Similarly, to ease the challenge of the nursing workforce when they return to school, many universities and colleges offer distance-learning programs. Positive advantages such as these are making the charge of returning to achieve higher education a goal that is attainable. The changes that are taking place are proof that initiatives identified in the IOM’s report were on point in supporting growth and development of the workforce.
In support of the landmark IOM’s published report “The Future of Nursing: Leading Change, Advancing Health”, a national initiative “The Future of Nursing: Campaign for Action” was born. This nationwide initiative was intended to guide recommendations and implementation of the IOM report. The visualization of The Campaign is a health care system that promotes high-quality care, in which nurses contribute to their practice to their maximum potential. These efforts are harmonized through an initiative of AARP, the Center to Champion Nursing in America (CCNA), the AARP Foundation, along with the RWJF (Center to Champion, n.d.).
The powerful forces behind The Campaign are Action Coalitions that function at the local levels as well as at the state levels. In this capacity, The Campaign can form strong, grassroots networks full of diverse stakeholders that work diligently in order to transform health care through nursing (Center to Champion, n.d.).
The Florida Action Coalition has a focused objective to promote the goals of the IOM report recommendations and transform health care at the state level through nurse led innovative solutions. Each state identifies and develops initiatives to promote and further support the IOM goals.
Florida has developed the “Florida AC Toolkit to Address Leadership Barriers”. This toolkit identifies and addresses barriers in leadership for nurses and provides resources and guidance for Florida’s aspiring nurse leaders so they may improve their leadership roles within the nursing profession (Center to Champion, n.d.). Another accomplishment by the Florida Action Coalition is the partnership with the Florida Blue Foundation. Generously, the foundation awarded mini-grants to three Florida universities and one community foundation. Their effort supports the Florida Action Coalition, which follows suit in promoting the IOM and RWJF goals for nursing and workforce development. A focus area, the Florida Blue Foundation is improving the safety of patient care and quality.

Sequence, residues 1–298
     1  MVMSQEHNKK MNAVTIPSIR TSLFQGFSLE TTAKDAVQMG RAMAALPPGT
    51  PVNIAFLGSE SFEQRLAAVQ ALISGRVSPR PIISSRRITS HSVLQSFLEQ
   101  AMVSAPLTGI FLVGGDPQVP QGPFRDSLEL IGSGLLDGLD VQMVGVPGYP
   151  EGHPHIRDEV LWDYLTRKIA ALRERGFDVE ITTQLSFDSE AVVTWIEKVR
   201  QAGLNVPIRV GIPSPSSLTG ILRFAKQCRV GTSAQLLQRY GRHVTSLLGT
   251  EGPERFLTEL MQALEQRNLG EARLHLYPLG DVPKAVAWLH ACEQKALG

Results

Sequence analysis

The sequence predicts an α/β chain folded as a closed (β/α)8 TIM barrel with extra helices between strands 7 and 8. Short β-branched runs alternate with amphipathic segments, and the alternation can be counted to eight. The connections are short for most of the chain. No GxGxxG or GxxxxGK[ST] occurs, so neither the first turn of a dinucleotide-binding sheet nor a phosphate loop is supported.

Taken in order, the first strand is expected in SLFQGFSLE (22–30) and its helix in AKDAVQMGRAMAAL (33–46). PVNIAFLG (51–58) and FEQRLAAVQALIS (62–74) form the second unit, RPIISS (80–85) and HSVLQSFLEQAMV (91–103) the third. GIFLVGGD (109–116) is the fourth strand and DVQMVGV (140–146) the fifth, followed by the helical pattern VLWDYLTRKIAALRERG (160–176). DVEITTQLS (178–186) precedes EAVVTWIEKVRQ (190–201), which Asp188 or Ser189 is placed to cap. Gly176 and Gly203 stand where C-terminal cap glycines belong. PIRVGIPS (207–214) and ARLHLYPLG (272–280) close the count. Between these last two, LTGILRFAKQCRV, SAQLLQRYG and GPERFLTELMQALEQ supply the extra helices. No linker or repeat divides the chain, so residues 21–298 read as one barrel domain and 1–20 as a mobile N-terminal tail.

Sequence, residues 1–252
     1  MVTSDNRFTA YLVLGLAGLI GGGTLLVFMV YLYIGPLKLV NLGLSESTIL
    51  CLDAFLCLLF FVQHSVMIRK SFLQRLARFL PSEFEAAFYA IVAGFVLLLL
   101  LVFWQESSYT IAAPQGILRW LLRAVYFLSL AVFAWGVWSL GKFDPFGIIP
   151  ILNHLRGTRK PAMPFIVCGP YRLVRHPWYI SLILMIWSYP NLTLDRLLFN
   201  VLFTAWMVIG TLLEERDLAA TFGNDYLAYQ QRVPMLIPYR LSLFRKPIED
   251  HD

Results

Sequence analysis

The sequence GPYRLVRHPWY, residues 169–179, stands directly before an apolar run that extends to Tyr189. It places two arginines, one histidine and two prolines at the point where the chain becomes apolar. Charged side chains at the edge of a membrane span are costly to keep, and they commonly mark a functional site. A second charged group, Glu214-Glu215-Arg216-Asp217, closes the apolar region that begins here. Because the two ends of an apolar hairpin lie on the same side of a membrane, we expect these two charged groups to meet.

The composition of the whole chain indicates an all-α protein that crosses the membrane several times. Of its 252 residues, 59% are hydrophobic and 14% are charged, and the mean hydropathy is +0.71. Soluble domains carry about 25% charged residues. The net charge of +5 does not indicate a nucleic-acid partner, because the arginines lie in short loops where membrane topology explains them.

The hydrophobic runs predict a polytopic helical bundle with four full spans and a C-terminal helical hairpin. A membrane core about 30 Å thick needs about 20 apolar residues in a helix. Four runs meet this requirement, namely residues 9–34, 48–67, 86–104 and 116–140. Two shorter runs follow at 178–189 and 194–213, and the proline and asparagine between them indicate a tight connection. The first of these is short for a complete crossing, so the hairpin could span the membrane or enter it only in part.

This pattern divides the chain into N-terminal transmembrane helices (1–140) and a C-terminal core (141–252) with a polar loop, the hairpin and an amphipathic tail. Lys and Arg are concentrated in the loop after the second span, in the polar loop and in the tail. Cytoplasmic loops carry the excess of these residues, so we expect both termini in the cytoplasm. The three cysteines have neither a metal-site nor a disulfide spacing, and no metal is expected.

The aim of the Foundation’s efforts are geared toward developing workforce that in turn will meet the needs our complex health care system along with needs of the individuals in Florida. This is supported via various grants such as one awarded to the University of Miami “The Future of Nursing Science – Encouraging Minority Nurses to Pursue a PhD through a Health Disparities Summer Research Program” and another grant awarded to the University of Central Florida College of Nursing “Leveraging Social Media and Digital Communications to Grow Support and Awareness” (Center to Champion, n.d.). Programs such as those listed help to advance awareness, communication, and development within the nursing profession.
Florida toolkit provides nurses with a valuable resource that aims to identify specific barriers that are perceived to hinder nurse development and advancement, and provides resources as well as support systems that can facilitate resolution through awareness, education, and fellow nurse support communities. Likewise, the Florida Blue Foundation efforts support nursing and role development through funding efforts at the educational level.